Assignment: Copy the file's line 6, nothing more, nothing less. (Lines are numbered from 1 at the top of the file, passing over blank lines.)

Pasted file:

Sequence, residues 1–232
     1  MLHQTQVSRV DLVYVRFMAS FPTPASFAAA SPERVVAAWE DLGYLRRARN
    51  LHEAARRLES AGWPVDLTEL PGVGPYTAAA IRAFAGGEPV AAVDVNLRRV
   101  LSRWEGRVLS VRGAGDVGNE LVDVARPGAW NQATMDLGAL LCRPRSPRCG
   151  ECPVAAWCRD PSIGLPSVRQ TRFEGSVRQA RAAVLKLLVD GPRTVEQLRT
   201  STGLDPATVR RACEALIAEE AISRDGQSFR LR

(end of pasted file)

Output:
   201  STGLDPATVR RACEALIAEE AISRDGQSFR LR